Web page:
Apart from the rich feast of art presented in this book, "Japanese Ghosts and Demons" will nourish the souls of those interested more in the fields of anthropology and comparative religion. Even today, when Japan has emerged as one of the most technologically advanced nations on earth, fundamental cultural beliefs are still strongly informed by a sense of mutability. "Japanese Ghosts and Demons" makes an important contribution to explaining this phenomenon, in which the boundaries between the living and the dead, humankind and animals, the animate and the inanimate, and the sacred and profane are far more permeable than is believed to be the case in the modern West. Several thousand years ago, before the rise of the three great monotheistic religions, most of the world's societies believed in a universe more pregnant with magical possibilities, a type of universe that this book helps us better understand.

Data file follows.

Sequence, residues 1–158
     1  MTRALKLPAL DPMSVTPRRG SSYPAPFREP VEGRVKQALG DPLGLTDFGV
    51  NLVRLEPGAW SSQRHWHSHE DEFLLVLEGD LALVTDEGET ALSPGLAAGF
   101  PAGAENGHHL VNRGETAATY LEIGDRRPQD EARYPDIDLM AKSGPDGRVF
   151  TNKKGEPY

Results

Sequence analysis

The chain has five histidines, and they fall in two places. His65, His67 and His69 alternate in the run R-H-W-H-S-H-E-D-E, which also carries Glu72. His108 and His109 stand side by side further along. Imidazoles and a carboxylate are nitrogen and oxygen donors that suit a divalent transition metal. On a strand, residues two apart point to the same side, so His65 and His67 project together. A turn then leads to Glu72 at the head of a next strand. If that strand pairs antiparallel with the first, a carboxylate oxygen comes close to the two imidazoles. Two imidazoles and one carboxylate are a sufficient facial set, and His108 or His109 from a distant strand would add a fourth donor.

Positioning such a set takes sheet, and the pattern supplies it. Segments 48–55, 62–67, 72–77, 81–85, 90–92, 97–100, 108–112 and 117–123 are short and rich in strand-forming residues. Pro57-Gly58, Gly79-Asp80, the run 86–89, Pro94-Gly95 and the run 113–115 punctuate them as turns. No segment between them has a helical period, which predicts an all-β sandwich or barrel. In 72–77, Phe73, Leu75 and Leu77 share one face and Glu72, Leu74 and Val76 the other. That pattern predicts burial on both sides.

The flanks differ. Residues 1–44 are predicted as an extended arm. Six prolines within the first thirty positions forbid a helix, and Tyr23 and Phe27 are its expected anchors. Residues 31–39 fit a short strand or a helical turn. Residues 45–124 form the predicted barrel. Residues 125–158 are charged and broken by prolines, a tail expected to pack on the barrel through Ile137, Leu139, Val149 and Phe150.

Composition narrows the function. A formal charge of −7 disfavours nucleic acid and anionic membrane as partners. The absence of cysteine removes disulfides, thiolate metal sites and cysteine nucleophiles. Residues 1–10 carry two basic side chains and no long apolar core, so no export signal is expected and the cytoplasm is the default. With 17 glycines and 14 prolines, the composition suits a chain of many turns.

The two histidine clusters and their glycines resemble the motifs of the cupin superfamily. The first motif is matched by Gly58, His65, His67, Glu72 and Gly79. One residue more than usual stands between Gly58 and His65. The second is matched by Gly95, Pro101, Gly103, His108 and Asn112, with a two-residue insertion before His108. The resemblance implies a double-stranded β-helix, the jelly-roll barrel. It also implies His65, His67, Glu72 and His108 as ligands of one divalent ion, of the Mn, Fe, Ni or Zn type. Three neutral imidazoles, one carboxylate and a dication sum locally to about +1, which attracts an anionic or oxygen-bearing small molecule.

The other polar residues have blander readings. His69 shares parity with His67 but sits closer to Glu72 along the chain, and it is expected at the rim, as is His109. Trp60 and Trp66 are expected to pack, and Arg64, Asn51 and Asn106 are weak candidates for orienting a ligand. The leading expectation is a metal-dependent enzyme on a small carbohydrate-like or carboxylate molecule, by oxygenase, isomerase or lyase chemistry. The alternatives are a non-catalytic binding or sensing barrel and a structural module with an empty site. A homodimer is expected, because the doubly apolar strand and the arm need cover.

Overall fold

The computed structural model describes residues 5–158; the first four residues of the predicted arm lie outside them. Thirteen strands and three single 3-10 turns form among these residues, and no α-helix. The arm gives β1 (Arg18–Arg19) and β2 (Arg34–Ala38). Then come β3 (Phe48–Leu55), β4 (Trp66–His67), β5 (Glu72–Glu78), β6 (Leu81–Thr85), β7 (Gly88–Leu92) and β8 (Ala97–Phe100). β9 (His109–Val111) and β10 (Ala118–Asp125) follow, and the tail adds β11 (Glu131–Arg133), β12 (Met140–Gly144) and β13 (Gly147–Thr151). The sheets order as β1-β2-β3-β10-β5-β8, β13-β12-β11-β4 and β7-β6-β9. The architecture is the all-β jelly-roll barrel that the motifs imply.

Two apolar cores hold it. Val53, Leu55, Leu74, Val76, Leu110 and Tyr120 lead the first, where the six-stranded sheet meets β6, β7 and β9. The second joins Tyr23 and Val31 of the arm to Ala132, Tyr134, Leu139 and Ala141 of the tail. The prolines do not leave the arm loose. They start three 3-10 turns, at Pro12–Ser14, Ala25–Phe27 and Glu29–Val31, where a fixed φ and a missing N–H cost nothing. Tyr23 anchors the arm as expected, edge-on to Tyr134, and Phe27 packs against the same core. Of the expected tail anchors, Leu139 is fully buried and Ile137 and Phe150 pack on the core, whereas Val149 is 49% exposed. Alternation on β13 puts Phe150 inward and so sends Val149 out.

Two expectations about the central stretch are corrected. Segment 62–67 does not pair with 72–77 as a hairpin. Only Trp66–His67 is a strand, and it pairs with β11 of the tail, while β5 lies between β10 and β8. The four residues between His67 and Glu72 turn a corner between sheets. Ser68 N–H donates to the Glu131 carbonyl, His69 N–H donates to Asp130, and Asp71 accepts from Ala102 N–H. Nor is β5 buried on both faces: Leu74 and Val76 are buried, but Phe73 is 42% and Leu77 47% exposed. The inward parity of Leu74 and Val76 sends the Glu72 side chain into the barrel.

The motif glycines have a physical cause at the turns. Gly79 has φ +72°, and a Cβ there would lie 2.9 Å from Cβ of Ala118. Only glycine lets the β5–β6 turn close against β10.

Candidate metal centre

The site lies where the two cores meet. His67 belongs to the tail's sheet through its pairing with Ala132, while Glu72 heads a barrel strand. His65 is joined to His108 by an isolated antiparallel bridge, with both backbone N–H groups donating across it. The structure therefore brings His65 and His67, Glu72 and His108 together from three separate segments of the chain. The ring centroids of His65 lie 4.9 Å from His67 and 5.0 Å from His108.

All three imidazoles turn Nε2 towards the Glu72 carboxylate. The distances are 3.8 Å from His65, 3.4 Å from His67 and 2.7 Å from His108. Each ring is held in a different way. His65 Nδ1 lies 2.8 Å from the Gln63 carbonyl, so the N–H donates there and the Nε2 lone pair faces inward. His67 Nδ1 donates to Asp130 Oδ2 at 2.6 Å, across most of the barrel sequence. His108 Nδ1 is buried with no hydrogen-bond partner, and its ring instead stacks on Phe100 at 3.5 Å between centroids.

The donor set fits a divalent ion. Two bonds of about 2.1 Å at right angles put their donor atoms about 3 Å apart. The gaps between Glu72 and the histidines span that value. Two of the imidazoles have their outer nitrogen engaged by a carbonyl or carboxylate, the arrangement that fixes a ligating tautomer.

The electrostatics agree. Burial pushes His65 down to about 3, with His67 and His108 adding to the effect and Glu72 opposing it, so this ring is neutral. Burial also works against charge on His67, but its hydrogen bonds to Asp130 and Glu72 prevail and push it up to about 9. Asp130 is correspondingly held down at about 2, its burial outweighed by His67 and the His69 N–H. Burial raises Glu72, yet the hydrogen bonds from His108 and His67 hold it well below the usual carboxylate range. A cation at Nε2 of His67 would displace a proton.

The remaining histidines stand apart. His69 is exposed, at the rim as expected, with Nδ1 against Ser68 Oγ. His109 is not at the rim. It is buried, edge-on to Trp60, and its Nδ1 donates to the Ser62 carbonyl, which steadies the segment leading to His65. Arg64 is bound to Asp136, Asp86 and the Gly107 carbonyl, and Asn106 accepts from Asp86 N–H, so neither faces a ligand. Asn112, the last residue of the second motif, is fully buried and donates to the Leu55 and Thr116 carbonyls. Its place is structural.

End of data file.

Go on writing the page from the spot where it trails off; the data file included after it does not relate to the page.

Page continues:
19 of 23 people found the following review helpful
"Japanese Ghost and Demons" is something I really wish I could have been a part in making. A college with a fine collection of supernatural-themed Japanese art, in a variety of mediums, decides to offer an interdisciplinary study class with each group producing papers on a folklore theme, with supporting artwork from the collection. Brilliant.
Each of the chapters is incredibly insightful, providing a complete education on the topic. Along with the traditional subjects such as the Oni, Ghosts and Tengu, there are many less-often covered subjects such as Sennin: The Immortals of Taoism and Shoki the Demon Queller. I was particularly pleased to learn about Shoki, as I was browsing a print shop in Kyoto and was able to recognize the Demon Queller himself in a few prints.